You’ve probably heard about the current truck driver shortage and the effects it could have on the future trucking industry. Have you heard that if the current rate continues, there will be a shortage of nearly 175,000 truck drivers by the year 2024? That’s what American Trucking Associations (ATA), a major voice in trucking, has backed up with studies and data published last year.
A shortage of 175,000 truckers is a really big deal! Considering that America is very dependent on the Over-the-Road truck driving industry, a gap in the workforce could do a lot of damage. The ATA says “68.9% of all freight tonnage is moved on the nation’s highways.” Truck drivers have a vital roll in the economy and without their help many of the US states would go without basic everyday needs.
What’s causing the truck driver shortage?
Like most issues this large the truck driver shortage is the result of a combination of things, mainly an increase in production and a high number of retiring truck drivers.
Improving Economy – As the nation’s economy improves, the production and output from American companies goes up, too. The unemployment rate, reported by the Bureau of Labor Statistics (BLS), is at its lowest point since 2008. More jobs means more spending, and more spending means more production!
The goods and materials being produced need to make their journey across the states, and it’s up to truck drivers to see that they get to their destinations. Without the help of truck drivers, the progress we’ve made in the economy would come screeching to a halt, and many would be left without basic necessities. Class A CDL truck drivers are very needed to keep the economy moving in the right direction!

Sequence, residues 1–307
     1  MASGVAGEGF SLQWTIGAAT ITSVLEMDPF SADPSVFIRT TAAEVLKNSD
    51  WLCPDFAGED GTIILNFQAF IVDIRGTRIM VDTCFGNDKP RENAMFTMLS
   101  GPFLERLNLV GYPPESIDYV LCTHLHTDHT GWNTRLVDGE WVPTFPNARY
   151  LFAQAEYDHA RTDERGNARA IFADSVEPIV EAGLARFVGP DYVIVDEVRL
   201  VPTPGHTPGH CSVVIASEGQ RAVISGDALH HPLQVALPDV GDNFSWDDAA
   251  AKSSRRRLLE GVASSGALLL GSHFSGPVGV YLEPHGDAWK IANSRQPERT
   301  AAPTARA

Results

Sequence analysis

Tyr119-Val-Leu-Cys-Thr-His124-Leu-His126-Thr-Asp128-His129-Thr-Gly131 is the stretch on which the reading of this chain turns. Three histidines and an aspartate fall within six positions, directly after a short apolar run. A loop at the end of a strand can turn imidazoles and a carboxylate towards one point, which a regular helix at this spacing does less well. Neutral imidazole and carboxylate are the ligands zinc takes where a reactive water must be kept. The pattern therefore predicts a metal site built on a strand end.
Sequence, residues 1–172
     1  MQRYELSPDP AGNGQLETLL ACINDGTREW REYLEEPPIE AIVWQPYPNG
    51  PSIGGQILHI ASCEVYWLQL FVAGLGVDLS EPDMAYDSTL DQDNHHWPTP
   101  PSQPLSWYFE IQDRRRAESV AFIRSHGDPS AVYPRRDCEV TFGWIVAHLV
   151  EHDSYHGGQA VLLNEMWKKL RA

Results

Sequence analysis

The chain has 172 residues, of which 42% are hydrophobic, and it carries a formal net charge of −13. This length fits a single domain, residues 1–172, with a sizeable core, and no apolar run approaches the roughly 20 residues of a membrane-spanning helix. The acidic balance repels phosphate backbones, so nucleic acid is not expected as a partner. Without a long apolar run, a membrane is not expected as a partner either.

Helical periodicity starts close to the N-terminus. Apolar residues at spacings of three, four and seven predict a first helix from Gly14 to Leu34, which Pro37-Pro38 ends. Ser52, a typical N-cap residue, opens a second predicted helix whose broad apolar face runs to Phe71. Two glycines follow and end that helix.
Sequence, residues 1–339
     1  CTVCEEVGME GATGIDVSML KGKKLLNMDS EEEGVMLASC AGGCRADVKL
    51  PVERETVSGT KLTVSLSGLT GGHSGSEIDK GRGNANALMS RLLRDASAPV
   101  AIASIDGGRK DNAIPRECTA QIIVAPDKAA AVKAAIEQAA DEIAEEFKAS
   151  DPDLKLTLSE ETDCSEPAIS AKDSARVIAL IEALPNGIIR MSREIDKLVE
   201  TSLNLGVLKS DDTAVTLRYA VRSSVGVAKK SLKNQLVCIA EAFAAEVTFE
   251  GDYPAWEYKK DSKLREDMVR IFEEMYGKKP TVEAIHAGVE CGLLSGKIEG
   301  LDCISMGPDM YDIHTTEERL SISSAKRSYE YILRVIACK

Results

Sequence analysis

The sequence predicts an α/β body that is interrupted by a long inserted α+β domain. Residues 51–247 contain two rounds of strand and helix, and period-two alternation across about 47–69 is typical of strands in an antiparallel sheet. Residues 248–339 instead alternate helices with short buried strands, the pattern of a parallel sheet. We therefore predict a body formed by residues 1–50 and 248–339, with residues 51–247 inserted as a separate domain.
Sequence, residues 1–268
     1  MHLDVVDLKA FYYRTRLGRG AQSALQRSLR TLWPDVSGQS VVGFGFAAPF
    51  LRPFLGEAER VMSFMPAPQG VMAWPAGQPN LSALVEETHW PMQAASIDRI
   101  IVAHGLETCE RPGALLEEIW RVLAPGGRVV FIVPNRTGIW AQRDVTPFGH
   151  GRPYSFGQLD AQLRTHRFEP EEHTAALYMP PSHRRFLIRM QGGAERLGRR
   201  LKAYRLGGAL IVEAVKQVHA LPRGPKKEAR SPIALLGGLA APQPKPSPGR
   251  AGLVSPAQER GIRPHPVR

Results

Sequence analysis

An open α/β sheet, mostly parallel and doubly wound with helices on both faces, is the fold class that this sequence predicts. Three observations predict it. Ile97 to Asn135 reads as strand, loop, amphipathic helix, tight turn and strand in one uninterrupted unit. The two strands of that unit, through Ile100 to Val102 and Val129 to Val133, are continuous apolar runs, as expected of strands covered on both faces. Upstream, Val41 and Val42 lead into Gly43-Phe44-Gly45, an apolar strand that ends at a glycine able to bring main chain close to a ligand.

Truck Driver Retirees – Retirement isn’t far away for many truck drivers, and their absence could leave a substantial gap in the truck driving industry. The current average truck driver is around the age of 49, according to the ATA. A wave of retirement could leave the trucking industry and the economy in a very tough spot.
That’s not to say they shouldn’t take their retirements. Truck drivers put in long hours and a lot of hard work, and they deserve peace and relaxation. If new drivers don’t step in to fill their roles, though, who will transport the country’s goods and necessities?
Driver shortage means opportunities for new drivers!
Because there are so few drivers entering the industry, companies compete with one another with better incentives for new hires. That’s great news for anyone looking to earn a Class A CDL license! As a truck driver, you could look forward to great benefits like
- Opportunities to earn $40,000 to $45,000 your first year*
- Medical and dental insurance
- 401k retirement plan options
- Life insurance
- Paid vacation and sick time
- Changing scenery
- Rider and pet policies, and more!
Because truck driving can’t be outsourced and because the current demand is expected to go up in the next decade, job security is another big advantage for professional truck drivers. If you have the drive to be a trucker, know that there are plenty of rewards within your reach!
Truck drivers aren’t just fought over by major carriers, they’re needed all across the country. We’re all rely on our CDL-trained truck drivers to make sure the economy keeps moving in the right direction!
Earn your Class A CDL at Roadmaster
Where can you get started? To be eligible to apply to trucking jobs, you’ll need to get your Class A CDL license. The best way to prepare for the CDL exam and gain the skills for a successful career is to enroll in a local truck driving school. Roadmaster has locations across the country and weekday, weeknight, and weekend course options to fit all types of lifestyles.
If you’re ready to get the ball rolling, leave us a little contact information here or chat with a Roadmaster representative by clicking here. See what options you have for local CDL training by speaking with a representative today! Don’t wait any longer to jump into a career with a ton of potential at a time when you’re needed most!
*wage info supplied by Werner Enterprises
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